Margaret O'Brien SteinfelsFebruary 23, 2009 - 10:33am0 comments
The vote on California’s Proposition 8 in the November election shocked and dismayed the gay community—and surprised others who thought it was a shoo-in vote for the liberal state. Prop 8 amended the state constitution to read, “Only marriage between a man and a woman is valid and recognized in California”; the measure was approved by a majority of the voters (52.3 percent). If the measure is upheld by the court, it will rescind a May 2008 California Supreme Court decision sanctioning same-sex marriage. (Since November 5, same-sex marriages are prohibited in California; those that took place between May and November 2008 are in litigation.)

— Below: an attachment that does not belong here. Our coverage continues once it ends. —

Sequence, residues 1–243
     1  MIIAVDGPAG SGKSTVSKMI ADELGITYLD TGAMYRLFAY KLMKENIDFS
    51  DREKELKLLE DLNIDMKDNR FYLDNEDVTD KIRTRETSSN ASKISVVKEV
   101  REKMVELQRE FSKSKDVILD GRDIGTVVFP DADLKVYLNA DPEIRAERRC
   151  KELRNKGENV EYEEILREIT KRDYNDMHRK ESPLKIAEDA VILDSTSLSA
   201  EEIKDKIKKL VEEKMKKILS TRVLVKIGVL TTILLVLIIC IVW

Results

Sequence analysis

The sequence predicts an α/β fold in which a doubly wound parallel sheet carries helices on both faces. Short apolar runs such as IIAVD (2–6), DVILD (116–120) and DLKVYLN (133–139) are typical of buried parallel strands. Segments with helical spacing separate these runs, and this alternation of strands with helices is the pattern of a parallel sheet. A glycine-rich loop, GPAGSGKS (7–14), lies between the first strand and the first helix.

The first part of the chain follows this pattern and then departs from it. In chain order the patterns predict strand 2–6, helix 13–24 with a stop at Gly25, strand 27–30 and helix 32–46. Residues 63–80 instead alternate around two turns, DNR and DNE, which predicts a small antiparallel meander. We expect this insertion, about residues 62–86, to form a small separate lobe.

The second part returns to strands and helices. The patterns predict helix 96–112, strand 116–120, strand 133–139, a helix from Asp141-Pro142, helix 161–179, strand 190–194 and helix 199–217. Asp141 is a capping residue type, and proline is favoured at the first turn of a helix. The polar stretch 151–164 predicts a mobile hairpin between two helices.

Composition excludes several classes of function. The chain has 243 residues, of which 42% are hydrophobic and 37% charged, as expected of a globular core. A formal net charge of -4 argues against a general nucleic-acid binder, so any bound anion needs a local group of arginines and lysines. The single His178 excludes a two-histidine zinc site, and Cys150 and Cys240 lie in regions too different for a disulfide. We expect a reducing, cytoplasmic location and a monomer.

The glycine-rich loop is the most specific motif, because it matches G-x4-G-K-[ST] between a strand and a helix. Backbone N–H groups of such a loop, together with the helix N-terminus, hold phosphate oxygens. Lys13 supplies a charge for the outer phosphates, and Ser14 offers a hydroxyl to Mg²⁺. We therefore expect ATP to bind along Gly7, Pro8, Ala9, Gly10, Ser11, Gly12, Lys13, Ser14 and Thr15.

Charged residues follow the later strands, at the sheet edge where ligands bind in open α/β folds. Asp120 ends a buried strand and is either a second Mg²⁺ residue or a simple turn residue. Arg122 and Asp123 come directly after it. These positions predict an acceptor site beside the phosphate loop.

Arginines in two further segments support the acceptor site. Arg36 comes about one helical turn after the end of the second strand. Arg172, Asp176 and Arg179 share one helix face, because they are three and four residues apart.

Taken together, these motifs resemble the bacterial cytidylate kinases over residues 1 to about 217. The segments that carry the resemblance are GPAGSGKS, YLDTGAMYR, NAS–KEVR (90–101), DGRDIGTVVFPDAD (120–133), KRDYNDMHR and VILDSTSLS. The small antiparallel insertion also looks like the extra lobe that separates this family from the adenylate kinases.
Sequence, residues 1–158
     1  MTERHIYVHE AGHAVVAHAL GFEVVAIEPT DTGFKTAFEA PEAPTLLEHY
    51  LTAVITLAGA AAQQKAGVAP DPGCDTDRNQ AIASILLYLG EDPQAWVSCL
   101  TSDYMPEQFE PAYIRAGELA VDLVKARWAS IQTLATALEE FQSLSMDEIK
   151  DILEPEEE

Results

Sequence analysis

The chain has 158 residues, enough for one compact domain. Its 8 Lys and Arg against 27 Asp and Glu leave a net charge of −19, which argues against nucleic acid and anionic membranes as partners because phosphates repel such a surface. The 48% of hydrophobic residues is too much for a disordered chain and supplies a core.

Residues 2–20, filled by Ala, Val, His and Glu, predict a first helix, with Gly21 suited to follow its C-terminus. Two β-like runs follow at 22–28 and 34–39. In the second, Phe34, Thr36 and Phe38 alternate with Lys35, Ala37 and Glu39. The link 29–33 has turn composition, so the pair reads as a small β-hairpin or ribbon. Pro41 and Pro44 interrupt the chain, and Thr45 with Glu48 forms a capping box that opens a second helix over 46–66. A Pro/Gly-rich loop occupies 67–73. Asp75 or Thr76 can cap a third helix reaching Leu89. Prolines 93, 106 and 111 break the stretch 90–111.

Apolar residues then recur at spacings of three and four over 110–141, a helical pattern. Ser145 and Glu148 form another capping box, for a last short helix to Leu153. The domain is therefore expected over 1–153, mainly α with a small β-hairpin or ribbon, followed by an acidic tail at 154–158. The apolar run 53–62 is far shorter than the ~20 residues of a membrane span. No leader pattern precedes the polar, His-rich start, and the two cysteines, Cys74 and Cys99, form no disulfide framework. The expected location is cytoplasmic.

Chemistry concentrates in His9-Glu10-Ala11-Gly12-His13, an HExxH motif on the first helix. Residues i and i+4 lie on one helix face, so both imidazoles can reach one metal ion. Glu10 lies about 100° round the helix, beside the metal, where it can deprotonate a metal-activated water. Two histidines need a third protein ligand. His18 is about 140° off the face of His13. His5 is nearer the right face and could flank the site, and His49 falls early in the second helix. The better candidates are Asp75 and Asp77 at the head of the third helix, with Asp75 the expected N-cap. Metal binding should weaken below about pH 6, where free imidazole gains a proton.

Though it shares the liberal tendencies of Massachusetts and Connecticut, where courts also legalized gay marriage, California has a robust referendum system that allows the voters to have their say. When voting yes on Proposition 8, over 7 million Californians said no to gay marriage; conversely, 6.4 million who voted no said yes. (Language confusion is one of the characteristic flaws of a politicized referendum system.) It was a costly electoral battle totaling $83 million, second only to the presidential campaign. What happened? Who opposed gay marriage and why?
In a contest predicted to favor same-sex marriage, the initial surprise was the overwhelming percentage of African Americans who voted to oppose it—an election-day exit poll reported 70...